Even the tightly controlled system for handling precious COVID-19 vaccines can’t avoid it completely, at the end of the day: wasting some doses.

Quebec, a week into its mass vaccination campaign, is trying to cut down on instances where appointment no-shows or other problems mean unused doses get thrown out.

One solution? Have a backup list at the ready, a provincial spokesperson told CTV News on Tuesday.

“Some establishments operate with waiting lists, in particular of healthcare workers,” said Marie-Hélène Émond from Quebec’s health ministry.

“Different means can be used to administer the few remaining doses at the end of the day,” she explained, mentioning that “staff” or “attendants” can be the lucky recipients.

In Quebec, “attendant” can refer to orderlies who work in health-care settings.

One of the largest Montreal health districts keeps a list of people ready for last-minute vaccinations on hand, too.

"We have a backup list of health care workers and vulnerable residents of our territory who we call if we have extra vaccines at the end of the day due to cancellations or no-shows," said Barry Morgan, spokesperson for the West-Central Montreal health authority.

"We are determined not to waste a dose."

Only a few days into the drastic ramping-up of vaccination numbers, there are only a few anecdotal reports of vaccine doses getting wasted, health authorities say.

It can happen for various reasons, and not just no-shows. But the province’s account of its process meant to avoid spoilage also underscores why showing up to appointments as scheduled is so crucial.

“The entire operation of transport, storage and administration of doses is a highly strategic and delicate operation,” said Émond. “Many means are in place to avoid wasting doses.”

Before the vials go out for delivery, they’re prepared according to the exact number of people scheduled to get shots on a certain day at a certain site, she said. The number of staff on hand is also calibrated accordingly, to make sure there will be enough people to handle the vaccines.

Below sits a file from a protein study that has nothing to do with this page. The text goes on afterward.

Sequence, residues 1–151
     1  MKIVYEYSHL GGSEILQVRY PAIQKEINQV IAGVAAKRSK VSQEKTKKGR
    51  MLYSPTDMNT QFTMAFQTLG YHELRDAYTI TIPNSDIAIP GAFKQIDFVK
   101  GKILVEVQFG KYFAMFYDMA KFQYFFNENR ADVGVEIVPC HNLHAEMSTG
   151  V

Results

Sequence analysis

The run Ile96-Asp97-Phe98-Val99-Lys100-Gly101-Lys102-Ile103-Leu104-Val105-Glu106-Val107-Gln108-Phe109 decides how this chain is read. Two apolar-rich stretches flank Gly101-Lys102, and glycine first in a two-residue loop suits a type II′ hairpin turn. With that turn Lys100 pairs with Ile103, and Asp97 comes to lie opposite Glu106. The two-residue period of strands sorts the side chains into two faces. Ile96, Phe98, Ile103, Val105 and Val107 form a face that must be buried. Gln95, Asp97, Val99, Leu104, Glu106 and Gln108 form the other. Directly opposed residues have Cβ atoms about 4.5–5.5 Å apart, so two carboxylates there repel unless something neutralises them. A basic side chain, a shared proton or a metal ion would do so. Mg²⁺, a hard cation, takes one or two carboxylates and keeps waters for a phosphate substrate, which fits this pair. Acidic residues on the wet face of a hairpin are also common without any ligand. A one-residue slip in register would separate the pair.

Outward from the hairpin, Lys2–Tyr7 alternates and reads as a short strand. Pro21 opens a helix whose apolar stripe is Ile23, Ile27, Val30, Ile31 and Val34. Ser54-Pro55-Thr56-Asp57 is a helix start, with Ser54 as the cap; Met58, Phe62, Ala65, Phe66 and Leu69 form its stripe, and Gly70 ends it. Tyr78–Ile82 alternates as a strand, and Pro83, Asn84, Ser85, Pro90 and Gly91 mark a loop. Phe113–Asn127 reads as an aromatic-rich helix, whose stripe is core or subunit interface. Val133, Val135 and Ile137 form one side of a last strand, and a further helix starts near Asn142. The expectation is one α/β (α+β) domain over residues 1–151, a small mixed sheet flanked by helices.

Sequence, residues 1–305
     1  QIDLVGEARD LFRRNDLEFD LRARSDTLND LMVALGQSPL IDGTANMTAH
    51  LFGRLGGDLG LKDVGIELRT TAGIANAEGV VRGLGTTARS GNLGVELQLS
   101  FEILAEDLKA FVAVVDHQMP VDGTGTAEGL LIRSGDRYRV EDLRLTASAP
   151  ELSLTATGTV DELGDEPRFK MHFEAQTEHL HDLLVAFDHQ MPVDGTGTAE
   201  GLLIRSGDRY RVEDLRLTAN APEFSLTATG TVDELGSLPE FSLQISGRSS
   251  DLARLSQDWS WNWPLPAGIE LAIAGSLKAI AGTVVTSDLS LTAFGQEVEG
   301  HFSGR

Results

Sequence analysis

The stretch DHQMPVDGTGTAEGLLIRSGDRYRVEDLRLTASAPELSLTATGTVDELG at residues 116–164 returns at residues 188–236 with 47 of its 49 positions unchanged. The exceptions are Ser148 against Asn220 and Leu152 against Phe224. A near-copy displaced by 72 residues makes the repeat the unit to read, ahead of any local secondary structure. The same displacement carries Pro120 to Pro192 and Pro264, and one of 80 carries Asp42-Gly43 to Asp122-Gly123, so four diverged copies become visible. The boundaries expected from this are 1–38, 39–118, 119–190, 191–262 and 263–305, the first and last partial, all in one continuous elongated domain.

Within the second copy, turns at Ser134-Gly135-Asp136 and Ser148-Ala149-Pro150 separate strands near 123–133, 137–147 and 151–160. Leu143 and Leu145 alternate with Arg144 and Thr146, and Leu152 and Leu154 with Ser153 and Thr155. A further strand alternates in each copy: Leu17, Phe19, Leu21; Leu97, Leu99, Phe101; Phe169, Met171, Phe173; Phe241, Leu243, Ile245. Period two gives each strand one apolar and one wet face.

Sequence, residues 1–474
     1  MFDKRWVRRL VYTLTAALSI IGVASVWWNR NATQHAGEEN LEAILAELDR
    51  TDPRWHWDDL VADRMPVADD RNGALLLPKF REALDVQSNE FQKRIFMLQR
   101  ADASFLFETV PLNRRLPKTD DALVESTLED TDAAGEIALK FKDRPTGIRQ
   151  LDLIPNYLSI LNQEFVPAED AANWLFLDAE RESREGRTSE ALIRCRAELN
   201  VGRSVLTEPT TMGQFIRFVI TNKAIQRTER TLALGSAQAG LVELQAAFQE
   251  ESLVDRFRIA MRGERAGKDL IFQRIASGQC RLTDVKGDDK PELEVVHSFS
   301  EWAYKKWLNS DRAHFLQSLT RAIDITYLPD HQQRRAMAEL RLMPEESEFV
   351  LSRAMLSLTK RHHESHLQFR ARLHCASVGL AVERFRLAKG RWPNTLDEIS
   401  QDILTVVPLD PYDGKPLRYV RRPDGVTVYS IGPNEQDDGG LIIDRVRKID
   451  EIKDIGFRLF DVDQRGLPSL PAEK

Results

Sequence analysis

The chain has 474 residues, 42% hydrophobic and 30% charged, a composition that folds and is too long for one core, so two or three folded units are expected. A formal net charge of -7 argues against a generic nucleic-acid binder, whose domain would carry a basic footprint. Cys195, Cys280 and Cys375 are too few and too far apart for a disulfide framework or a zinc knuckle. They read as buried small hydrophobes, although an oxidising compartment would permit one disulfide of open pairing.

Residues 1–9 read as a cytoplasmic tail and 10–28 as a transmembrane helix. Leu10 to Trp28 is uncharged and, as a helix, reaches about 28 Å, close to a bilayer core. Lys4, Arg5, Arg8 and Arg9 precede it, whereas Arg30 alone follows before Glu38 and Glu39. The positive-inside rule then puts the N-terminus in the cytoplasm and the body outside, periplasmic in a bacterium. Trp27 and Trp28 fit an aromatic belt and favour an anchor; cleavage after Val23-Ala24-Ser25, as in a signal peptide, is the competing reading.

“Deliveries are then planned and supervised,” she wrote. “The doses are stored frozen. They only came out of the freezer on an as-needed basis.”

There’s great pressure to make use of every dose, and not just for cost reasons. This week, for example, cancer doctors were in the news, pleading with the province to vaccinate their patients at the same time as the elderly because of their fragile health.

The province is contending with a raft of other difficult decisions about who to move slightly up or down in the priority list, including people with Down syndrome, teachers, and people who work frequently with the public, like cashiers.

Aside from no-shows, there have been other reasons for wasted doses so far, said the province, though it’s rare. That can include dropped vials, said Émond.

“Obviously, we are never completely safe from human error…it is an inevitable reality,” she said.

But “it should be noted that nearly 440,000 doses of vaccine have been administered to date and some exceptional cases [of wasted doses] that have been reported to us remain anecdotal,” she said.

When doses are lost, the incident may not be mentioned publicly, but it’s reported internally, said a local health authority.

“Loss of doses turns out to be extremely rare, and the few times it has occurred, the event has been documented and reported to pharmaceuticals,” said a spokesperson for the West Island health authority.

The West Island system “ensures very tight management of vaccination doses in order to ensure that as many people as possible are vaccinated. We use the same management protocols as for narcotics,” she said.

One other potential reason for wasted doses falls into a different category: the use of the infamous five-dose syringes with the six-dose Pfizer vials, which end up wasting the sixth dose of every vial.

One Montreal man said he was told last Thursday that he could be vaccinated as an “extra” at Maimonides care home in Cote-St-Luc after arriving with a large group of elderly care-home residents—only to be called just before the appointment and told the extra dose was no longer there.

Those who did get their vaccines later told him it was because the five-dose syringes were being used, and they saw the extra doses thrown out.

But the West-Central health authority, which oversees that vaccination centre, said that wasn't the case. If the predicted extra dose didn't materialize, it was for other reasons.

"There is no shortage of vials and no doses were wasted," said Morgan, the CIUSSS spokesperson. He said there's been no problem with six-dose syringe procurement.

Canada had struggled earlier this winter to procure enough of the six-dose syringes, but Émond, speaking for the Quebec government, also said the province has enough on hand now.

“There is no issue regarding the availability of low-dead-space syringes,” she said.

“The [ministry] is receiving sufficient quantities since the changes in the way doses are counted.”